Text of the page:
The luxury market in Kenya generated Sh50 billion ($500 million) in revenues last year representing a 20 per cent growth compared to Sh40 billion realised during the same period in 2015.
The 2017 Afrasia Bank New World Wealth survey released a fortnight ago places Kenya as the second largest luxury market by revenue in the continent after South Africa which accounted for Sh230 billion ($2.3 billion).
Kenya was also the only market that attained growth in the sector as revenues from other key markets of South Africa, Nigeria, Angola, Egypt and Morocco plunged.
South Africa dropped by 10 per cent, Nigeria fell by a third to Sh40 billion while Angola and Egypt plunged by same rate to Sh20 billion each. Morocco revenues remained unchanged at Sh20 billion.
“South Africa, Nigeria, Egypt and Angola all experienced drops in luxury sales in 2016, whilst luxury sales in Kenya were up…Kenya was above Nigeria mainly due to the large luxury tourism industry there,” said the report.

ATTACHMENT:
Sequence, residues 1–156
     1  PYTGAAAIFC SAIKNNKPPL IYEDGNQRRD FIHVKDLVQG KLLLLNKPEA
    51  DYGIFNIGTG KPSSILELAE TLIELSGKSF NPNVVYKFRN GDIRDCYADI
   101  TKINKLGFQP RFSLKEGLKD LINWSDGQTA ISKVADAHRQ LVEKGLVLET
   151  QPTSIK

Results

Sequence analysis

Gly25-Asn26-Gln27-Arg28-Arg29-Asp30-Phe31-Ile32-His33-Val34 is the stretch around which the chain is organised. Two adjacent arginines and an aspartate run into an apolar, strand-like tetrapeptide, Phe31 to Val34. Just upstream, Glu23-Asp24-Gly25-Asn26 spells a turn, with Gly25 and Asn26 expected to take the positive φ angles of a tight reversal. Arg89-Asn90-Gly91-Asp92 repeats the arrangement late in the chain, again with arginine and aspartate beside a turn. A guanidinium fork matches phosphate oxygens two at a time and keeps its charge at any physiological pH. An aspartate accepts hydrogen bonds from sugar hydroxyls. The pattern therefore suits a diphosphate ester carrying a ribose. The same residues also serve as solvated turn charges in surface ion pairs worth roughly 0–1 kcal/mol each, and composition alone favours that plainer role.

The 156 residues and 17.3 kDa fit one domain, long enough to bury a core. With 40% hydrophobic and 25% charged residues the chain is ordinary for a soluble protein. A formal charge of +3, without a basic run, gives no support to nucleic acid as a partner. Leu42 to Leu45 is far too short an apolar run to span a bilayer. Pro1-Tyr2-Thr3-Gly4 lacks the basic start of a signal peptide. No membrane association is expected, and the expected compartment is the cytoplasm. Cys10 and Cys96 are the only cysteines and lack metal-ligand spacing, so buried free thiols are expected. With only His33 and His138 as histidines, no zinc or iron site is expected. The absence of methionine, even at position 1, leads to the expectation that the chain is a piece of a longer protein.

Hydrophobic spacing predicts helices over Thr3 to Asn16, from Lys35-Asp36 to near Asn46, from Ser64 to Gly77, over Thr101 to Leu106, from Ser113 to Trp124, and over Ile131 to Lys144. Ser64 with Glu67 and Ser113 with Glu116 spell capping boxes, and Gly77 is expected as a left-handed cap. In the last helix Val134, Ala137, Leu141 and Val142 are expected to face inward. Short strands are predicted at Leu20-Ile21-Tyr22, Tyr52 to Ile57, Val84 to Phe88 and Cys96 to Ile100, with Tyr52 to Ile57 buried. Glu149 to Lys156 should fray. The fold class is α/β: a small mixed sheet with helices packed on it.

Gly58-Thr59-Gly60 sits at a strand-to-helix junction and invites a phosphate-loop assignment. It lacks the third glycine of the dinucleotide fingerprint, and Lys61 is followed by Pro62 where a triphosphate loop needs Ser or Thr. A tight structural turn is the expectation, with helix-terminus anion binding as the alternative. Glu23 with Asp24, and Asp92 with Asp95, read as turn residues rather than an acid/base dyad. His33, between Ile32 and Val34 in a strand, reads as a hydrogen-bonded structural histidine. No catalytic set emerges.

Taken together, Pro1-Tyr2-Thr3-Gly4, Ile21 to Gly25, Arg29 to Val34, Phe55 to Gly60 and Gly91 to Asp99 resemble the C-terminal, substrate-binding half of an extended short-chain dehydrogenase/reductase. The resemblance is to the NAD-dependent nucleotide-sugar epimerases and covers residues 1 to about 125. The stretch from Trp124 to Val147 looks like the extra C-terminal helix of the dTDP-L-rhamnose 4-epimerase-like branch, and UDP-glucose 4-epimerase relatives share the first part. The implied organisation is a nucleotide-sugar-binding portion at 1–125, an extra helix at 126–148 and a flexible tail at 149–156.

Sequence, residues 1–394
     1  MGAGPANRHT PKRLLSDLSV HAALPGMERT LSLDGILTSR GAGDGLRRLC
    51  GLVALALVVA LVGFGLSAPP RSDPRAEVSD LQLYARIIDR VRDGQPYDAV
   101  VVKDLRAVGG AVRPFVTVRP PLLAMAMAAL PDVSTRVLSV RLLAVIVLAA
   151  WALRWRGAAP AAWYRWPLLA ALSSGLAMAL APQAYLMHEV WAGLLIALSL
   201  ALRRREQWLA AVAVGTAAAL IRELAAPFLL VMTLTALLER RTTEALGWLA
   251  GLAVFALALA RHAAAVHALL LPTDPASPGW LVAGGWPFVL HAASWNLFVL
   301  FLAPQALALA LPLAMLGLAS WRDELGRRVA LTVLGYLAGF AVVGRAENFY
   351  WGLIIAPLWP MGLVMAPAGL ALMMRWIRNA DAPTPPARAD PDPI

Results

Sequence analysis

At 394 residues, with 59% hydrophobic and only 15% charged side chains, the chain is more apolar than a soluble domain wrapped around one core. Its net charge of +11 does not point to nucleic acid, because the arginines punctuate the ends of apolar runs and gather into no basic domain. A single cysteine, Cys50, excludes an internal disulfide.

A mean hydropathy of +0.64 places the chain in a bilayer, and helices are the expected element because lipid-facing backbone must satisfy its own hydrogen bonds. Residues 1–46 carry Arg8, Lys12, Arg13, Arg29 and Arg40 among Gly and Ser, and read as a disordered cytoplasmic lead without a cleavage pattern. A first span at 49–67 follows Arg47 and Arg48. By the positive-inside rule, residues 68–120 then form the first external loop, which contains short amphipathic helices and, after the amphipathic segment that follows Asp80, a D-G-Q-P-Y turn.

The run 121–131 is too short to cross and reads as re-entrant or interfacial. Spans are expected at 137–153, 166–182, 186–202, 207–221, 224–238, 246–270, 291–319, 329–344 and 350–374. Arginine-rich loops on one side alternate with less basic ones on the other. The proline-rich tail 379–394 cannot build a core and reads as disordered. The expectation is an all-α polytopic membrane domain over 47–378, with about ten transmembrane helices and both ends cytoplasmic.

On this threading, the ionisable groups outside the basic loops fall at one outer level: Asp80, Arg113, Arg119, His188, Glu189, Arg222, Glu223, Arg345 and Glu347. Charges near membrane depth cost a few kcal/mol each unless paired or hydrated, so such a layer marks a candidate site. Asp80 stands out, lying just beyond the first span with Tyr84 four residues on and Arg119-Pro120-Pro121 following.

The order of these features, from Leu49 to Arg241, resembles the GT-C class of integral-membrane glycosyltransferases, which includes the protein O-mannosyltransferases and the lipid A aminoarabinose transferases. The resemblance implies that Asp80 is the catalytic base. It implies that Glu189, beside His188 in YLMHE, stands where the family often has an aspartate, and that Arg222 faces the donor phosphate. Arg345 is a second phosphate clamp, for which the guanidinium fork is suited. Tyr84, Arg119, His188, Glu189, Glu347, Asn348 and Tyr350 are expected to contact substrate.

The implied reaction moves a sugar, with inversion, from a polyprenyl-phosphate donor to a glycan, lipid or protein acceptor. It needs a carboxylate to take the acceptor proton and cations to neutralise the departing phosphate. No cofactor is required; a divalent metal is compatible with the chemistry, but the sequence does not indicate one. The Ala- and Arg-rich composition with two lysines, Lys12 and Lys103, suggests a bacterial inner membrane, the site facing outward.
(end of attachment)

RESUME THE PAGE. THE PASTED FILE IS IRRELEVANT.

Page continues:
The growth in luxury expenditure in Kenya is attributed to expanding club of the super rich, with a growing taste for high-end products.
The Wealth Report published by Knight Frank a month ago says that the number of Kenya’s super rich grew by eight per cent, the fastest in the region, to 9,400 dollar millionaires. These are individuals classified as having assets worth more than $1 million (Sh103 million), excluding primary residences.
The super rich numbers have over the recent years attracted world famous luxury car brands to Kenya including the Bentley, Porsche, Jaguar, Range Rover Autobiography, Mercedes-Maybach and S-Class with prices of up to Sh40 million.
The taste for luxury products has also led to the development of world class hotels and lodges like Finch Hattons in Tsavo West National Park and Mahali Mzuri owned by Virgin Atlantic billionaire Richard Branson. It also led to the opening of local franchise shops of luxury brands like Swiss-made Rado Watches, which recently opened the first store in Africa at the Westgate Mall in Nairobi.
“We estimate that the African luxury sector generated approximately $5.9 billion in revenue in 2016. The main components of this were luxury cars, yachts, private jets, personal luxury goods (which include watches, clothing, accessories and jewelry) and luxury hotels and lodges,” the report said.